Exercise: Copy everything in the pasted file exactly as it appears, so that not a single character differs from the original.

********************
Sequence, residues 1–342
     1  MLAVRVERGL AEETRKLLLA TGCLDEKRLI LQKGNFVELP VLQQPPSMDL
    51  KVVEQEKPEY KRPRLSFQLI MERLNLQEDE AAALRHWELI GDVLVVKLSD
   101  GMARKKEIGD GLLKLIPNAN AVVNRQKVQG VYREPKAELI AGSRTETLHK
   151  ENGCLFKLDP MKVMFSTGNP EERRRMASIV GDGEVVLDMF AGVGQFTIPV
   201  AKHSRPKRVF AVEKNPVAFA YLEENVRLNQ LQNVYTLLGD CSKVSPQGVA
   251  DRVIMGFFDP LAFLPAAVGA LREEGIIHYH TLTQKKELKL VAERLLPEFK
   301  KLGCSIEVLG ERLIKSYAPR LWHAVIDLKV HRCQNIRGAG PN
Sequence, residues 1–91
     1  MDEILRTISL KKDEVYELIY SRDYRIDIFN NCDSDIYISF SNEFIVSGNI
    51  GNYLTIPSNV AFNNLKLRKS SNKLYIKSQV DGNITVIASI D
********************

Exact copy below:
Sequence, residues 1–342
     1  MLAVRVERGL AEETRKLLLA TGCLDEKRLI LQKGNFVELP VLQQPPSMDL
    51  KVVEQEKPEY KRPRLSFQLI MERLNLQEDE AAALRHWELI GDVLVVKLSD
   101  GMARKKEIGD GLLKLIPNAN AVVNRQKVQG VYREPKAELI AGSRTETLHK
   151  ENGCLFKLDP MKVMFSTGNP EERRRMASIV GDGEVVLDMF AGVGQFTIPV
   201  AKHSRPKRVF AVEKNPVAFA YLEENVRLNQ LQNVYTLLGD CSKVSPQGVA
   251  DRVIMGFFDP LAFLPAAVGA LREEGIIHYH TLTQKKELKL VAERLLPEFK
   301  KLGCSIEVLG ERLIKSYAPR LWHAVIDLKV HRCQNIRGAG PN
Sequence, residues 1–91
     1  MDEILRTISL KKDEVYELIY SRDYRIDIFN NCDSDIYISF SNEFIVSGNI
    51  GNYLTIPSNV AFNNLKLRKS SNKLYIKSQV DGNITVIASI D